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When we started to think about planting a church, a friend told us, “You’re going to go through more spiritual warfare in one year of church planting than in ten years of pastoral ministry.”

I didn’t have categories for what he said, but it seemed like the kind of thing that could be true. I made a mental note but didn’t think much about it.

We began the process of planting a church. Sure enough, we encountered more hardship in the first year than ever before in our lives. I don’t know for sure how much of it was spiritual attack, but it sure felt like it.

I could relate to what Paul wrote: “For we were so utterly burdened beyond our strength that we despaired of life itself” (2 Corinthians 1:8).

The Normal Christian Life

One day that year I came across a quote from C.H. Spurgeon: “When you sleep, think that you are resting on the battlefield; when you walk, suspect an ambush in every hedge.”

We’re at war. Spiritual warfare sounds like a strange concept to many of us, believed only by some camps within Christianity, when it should be believed by all of us. It’s the normal Christian life.

“Share in suffering as a good soldier of Christ Jesus,” writes Paul (2 Timothy 2:3). “Put on the whole armor of God, that you may be able to stand against the schemes of the devil,” he says to the church in Ephesus (Ephesians 6:11).

I know things can get crazy as we start to think about spiritual warfare. We can soon find ourselves fighting over different views of territorial spirits and power encounters. The debates shouldn’t keep us from a simple biblical truth: we’re at war. We should live our lives, as Spurgeon says, realizing we’re on a battlefield, expecting ambushes in every hedge. We shouldn’t be surprised when it seems we’re in wartime conditions.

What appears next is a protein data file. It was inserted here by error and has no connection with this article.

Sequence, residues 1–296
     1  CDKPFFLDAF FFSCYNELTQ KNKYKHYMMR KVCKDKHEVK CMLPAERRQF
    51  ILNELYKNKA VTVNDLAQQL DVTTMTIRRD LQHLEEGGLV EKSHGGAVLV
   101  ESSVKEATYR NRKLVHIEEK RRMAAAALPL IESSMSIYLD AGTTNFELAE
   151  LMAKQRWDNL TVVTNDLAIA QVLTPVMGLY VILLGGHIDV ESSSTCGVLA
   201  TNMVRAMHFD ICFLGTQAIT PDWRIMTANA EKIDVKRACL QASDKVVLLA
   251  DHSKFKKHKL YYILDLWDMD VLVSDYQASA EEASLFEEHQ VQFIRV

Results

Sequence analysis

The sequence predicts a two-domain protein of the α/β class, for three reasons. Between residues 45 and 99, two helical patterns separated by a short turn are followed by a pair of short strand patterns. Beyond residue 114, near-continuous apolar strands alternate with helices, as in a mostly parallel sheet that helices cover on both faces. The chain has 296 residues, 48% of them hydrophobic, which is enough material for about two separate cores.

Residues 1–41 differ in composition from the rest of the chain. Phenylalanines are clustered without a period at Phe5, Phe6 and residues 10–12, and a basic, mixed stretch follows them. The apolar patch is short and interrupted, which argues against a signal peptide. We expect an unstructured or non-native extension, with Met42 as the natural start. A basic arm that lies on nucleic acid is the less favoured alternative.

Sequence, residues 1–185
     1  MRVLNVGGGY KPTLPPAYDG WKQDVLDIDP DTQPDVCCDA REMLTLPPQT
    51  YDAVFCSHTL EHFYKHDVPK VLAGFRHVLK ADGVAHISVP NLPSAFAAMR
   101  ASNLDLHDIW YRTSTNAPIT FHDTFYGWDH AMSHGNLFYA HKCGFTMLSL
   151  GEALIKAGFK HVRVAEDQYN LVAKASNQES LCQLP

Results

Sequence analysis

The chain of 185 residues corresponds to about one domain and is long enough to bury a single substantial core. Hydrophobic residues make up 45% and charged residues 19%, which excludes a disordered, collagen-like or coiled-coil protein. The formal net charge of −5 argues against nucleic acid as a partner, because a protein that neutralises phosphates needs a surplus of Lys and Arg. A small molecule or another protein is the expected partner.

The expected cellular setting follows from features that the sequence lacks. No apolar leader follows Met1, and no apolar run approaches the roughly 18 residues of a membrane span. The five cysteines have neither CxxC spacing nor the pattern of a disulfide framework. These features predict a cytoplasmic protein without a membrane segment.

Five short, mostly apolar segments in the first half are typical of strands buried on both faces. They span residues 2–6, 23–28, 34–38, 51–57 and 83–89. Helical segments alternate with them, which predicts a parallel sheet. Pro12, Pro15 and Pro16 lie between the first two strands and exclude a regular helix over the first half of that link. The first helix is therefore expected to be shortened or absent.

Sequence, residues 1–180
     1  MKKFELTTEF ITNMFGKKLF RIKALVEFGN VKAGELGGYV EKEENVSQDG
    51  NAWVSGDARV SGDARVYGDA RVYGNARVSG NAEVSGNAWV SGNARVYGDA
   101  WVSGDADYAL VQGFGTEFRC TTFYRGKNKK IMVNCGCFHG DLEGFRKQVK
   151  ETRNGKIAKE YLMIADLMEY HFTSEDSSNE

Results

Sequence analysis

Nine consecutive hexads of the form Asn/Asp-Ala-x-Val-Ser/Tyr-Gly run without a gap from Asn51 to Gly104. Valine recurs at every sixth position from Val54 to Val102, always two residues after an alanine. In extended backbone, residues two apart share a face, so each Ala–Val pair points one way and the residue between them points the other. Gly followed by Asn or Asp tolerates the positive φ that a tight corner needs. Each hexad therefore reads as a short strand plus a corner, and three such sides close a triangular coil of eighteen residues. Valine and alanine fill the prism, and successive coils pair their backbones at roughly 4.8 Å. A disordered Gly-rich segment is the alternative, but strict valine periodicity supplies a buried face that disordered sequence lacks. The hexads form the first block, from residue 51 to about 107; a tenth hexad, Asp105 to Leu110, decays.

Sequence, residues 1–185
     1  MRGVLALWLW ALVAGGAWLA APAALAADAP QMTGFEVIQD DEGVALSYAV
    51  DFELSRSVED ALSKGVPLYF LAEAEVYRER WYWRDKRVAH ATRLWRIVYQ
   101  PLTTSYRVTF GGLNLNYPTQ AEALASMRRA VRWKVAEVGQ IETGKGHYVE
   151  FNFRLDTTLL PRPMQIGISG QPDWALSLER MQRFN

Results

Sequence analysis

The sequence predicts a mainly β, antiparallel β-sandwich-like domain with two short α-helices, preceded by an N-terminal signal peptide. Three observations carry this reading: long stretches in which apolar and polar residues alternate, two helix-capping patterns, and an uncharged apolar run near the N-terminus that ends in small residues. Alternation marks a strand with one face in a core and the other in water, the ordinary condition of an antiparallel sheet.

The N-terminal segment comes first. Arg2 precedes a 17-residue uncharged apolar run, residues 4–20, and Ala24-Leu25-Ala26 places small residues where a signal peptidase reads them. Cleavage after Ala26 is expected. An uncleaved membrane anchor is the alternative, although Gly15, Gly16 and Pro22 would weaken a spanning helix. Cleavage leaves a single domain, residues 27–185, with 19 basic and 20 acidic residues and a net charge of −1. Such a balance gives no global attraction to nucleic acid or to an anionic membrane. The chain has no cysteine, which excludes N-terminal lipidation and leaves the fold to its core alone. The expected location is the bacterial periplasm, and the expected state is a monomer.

As Tertullian put it: “No soldier comes to the war surrounded by luxuries, nor goes into action from a comfortable bedroom, but from the makeshift and narrow tent, where every kind of hardness and severity and unpleasantness is to be found.”

No Civilian Pursuits

The reality of war changes what we care about. “No soldier gets entangled in civilian pursuits, since his aim is to please the one who enlisted him,” says Paul (2 Timothy 2:4).

The end of the first season of Downton Abbey features intrigue about stolen wine. The second season opens with one of the characters fighting in World War I’s Battle of the Somme, one of the bloodiest battles of history in which over three million fought and a million were wounded or killed. A stolen bottle of wine matters little in that context.

Our wartime footing changes our priorities. We can’t withdraw from ordinary life, but we also can’t afford to be distracted from our duties as soldiers. Our solitary goal is to please our commander. Little else matters.

We’re at war. We shouldn’t be surprised by wartime conditions, nor should we expect to maintain peacetime priorities. One day we’ll be at rest. In the meantime, let’s soldier on.